Can I Retrieve My Belongings?
Areas of Houston are peppered with Superfund sites (sites marked for their high levels of toxic waste) as well as numerous oil refineries and industrial plants. Damage from Hurricane Harvey meant that much of the water flooding homes and streets was highly toxic and contaminated, even more toxic than normal floodwaters.
The chief medical officer of Houston, Dr. David Persse, said “Everybody has to consider the floodwater contaminated.”
Multiple sources have confirmed that damaged refineries, sewage backup, and flooding at Superfund sites has led to high amounts of dangerous bacteria and chemicals in the water. In some neighborhoods like Baytown, Highlands, and Channelview, the water is filled with cancer-causing dioxins from a local hazardous waste dump. In Buffalo Bayou, living rooms became breeding grounds for E. coli—leaving behind 135 times the safe amount of bacteria.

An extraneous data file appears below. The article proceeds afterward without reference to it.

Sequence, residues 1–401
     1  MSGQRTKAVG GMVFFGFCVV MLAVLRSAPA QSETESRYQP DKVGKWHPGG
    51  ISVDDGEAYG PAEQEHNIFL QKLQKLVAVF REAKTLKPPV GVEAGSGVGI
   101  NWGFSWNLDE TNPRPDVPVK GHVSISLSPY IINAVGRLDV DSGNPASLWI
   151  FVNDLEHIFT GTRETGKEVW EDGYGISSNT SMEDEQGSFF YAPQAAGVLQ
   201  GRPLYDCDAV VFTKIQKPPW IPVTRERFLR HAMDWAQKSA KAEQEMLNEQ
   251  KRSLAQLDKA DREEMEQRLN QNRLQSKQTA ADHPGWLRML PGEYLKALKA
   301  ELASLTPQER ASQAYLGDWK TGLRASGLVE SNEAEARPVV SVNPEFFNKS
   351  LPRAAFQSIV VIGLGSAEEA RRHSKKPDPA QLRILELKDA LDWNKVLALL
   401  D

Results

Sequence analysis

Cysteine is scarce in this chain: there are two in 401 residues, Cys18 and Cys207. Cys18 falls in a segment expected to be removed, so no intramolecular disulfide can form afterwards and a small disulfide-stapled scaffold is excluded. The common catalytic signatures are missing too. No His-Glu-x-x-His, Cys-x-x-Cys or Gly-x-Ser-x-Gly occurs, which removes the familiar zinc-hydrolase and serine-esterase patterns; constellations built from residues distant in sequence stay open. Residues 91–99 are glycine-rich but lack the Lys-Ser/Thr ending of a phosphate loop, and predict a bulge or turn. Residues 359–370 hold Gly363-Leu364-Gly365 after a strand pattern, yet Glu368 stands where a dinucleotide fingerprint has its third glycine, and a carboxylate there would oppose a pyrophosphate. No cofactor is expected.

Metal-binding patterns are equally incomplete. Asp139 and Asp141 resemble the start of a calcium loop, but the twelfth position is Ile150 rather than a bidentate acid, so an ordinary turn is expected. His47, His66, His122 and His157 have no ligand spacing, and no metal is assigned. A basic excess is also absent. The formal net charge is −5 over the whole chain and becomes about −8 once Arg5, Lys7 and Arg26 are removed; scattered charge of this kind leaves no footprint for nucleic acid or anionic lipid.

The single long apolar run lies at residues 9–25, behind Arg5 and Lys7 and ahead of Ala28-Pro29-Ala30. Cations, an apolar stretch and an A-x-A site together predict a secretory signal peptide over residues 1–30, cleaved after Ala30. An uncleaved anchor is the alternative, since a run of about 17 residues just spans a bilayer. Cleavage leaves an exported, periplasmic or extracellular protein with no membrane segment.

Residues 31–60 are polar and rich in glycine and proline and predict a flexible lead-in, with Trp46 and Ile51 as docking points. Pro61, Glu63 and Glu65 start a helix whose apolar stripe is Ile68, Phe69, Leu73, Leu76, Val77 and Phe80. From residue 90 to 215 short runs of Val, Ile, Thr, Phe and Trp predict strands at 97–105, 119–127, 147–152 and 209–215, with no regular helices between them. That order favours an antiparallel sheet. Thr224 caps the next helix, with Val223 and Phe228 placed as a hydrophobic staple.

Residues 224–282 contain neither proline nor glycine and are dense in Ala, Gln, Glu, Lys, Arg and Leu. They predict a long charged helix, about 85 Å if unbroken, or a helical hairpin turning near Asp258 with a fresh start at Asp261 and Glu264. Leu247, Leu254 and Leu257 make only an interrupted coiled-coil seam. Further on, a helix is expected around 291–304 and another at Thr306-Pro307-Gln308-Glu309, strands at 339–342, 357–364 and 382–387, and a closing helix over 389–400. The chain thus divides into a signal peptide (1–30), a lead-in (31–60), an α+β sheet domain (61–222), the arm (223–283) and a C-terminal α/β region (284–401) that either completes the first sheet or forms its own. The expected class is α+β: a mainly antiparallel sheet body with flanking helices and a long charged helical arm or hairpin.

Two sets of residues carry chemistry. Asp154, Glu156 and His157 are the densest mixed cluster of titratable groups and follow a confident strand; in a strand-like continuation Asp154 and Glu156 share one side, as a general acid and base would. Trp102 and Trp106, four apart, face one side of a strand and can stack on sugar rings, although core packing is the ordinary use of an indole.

The sludge and silt left behind by the flood (which looks like sand) contains large amounts of lead and arsenic. Serious mold growth has led to breathing issues, especially among those with pre-existing lung conditions.
In short, do not enter your home or use its water until your local health and safety office has given the thumbs up. Even if they have, protect any open wounds you may have, and use a mask when you go back to retrieve your belongings or do work on your house. Please protect your eyes, ears, and nose as well. Avoid any standing water—residents in Buffalo Bayou and other neighborhoods have reportedly contracted staph infections from prolonged contact with bacteria. Unfortunately, the conditions inside of homes (dark, no water flow, damp, warm) has led to viciously rapid bacterial and mold growth. Do not underestimate the health risks. If you can, let professionals handle your home if your neighborhood has received a hazardous health warning.